[Emily L. Mahoney | Miami Herald] After about seven hours of angry, sometimes deeply painful debate about race and gun violence that spanned two days, the Florida House passed a bill that would allow classroom teachers to be armed in an expansion of the program it created last year after the Parkland shooting.
The debate at times reached a heightened pitch that had Democrats shouting or tearing up as black members delved into details about their personal experiences with racism and their deep-seated fears about minority children being targeted by teachers who have guns.
The bill is now on its way to Gov. Ron DeSantis’ desk. For teachers and other staff to be armed, school districts must opt-in to the so-called “Guardian program,” which allows teachers and other staff to volunteer to carry a gun on campus after undergoing screening and training by a local sheriff’s office.
That amendment failed, even though some Republicans were convinced to vote for it.
“There’s a reality that some of us have, that some of you in the front row couldn’t care less about,” Jones said, referring to House Republican leadership before he began to shout into his microphone. “I asked for implicit bias training because we’re talking about black boys and girls that are getting murdered by police officers! … There are bad police officers and there are bad teachers.”
But Republicans pointed to the fact that the commission created to investigate the failings of the Parkland shooting issued a report that recommended the Legislature allow classroom teachers to be armed. Last year after Parkland, lawmakers created the “Guardian” program that allows staff to carry guns, but excluded teachers who “exclusively perform classroom duties” as a compromise. This bill would undo that exception.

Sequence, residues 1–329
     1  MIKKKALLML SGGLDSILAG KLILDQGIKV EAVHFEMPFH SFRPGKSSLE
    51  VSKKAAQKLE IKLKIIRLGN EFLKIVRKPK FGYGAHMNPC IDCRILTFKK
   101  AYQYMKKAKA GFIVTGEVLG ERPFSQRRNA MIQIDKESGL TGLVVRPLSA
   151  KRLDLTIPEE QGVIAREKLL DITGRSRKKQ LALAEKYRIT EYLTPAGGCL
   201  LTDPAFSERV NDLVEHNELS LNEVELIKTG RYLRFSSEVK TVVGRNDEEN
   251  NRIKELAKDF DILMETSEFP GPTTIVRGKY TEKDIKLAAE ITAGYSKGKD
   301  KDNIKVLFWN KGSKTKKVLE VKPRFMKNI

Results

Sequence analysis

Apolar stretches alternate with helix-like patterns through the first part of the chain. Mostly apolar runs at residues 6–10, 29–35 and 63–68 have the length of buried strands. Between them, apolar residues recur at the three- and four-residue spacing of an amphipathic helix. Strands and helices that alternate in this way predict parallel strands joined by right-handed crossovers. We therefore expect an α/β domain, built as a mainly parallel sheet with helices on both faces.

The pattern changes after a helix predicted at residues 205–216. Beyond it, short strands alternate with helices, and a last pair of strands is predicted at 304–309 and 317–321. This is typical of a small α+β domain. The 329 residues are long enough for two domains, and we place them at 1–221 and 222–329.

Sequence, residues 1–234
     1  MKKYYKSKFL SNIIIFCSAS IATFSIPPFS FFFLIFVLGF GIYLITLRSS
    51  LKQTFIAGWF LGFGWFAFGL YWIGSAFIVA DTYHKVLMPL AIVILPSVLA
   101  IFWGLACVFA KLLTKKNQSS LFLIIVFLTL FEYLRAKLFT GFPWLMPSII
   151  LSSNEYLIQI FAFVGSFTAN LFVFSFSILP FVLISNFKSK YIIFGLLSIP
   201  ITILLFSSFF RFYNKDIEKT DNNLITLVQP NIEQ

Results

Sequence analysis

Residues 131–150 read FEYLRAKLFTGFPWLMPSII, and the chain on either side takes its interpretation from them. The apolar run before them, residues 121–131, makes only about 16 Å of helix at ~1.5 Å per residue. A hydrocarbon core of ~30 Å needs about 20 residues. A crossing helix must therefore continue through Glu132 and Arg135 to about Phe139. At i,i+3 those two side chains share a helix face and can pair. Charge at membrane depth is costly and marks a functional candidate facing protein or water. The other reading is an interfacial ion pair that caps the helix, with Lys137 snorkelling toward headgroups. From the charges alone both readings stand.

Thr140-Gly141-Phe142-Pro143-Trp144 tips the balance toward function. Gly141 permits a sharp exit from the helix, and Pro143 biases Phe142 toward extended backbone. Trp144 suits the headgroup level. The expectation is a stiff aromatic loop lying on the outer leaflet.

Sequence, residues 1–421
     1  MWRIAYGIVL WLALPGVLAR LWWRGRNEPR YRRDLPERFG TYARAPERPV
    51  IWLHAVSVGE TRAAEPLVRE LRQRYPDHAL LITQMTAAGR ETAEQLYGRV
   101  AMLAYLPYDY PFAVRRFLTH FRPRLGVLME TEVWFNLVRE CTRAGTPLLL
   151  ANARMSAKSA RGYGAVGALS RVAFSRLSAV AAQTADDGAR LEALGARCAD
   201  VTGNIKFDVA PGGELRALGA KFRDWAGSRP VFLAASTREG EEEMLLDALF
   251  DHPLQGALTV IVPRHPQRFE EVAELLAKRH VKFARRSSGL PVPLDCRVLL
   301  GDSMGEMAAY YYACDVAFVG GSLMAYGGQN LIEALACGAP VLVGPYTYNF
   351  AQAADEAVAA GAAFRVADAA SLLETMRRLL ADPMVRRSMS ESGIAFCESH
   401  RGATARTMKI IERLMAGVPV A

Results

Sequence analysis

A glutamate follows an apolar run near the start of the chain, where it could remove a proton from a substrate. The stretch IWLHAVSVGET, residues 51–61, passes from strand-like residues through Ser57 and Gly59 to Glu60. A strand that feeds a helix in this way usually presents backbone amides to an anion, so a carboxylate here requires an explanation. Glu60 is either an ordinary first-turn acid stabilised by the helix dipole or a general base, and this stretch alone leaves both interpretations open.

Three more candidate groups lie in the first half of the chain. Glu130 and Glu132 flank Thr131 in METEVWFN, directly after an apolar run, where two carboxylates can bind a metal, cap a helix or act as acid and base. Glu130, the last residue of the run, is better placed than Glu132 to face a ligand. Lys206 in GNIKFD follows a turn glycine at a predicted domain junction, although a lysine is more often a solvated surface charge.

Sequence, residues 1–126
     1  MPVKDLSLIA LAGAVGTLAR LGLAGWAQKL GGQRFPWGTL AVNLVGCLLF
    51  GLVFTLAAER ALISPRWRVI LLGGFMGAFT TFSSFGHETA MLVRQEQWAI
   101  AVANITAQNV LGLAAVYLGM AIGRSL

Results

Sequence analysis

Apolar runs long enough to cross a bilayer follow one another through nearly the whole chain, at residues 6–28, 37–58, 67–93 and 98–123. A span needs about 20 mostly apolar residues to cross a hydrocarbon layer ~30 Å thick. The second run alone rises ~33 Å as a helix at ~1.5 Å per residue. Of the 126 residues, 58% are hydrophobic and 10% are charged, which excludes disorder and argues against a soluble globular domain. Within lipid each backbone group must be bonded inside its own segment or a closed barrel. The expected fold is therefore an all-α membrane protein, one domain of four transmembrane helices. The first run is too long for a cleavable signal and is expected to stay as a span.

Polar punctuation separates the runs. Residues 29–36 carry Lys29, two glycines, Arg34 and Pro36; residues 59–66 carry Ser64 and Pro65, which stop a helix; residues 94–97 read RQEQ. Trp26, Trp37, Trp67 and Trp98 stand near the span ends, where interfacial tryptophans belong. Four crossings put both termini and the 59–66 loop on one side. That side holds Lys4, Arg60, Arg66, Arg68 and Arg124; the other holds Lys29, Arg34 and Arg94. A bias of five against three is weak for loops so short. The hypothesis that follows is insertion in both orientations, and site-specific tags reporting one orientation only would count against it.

Rep. Byron Donalds, R-Naples, pointed out the fact that the law enforcement officer assigned to Marjory Stoneman Douglas High School in Parkland did not engage the shooter.
“The hard truth is we never know how anybody is going to respond … what we do know is [Parkland] Coach Aaron Feis responded the only way he could and he put his body in the way of students,” he said. “The real first responders are the school staff that love our children. They are the real first responders because they are there at the time the tragedy happens.”
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[Editor’s Note: This article was written by Emily L. Mahoney and originally published at the Miami Herald. Title changed by P&P.]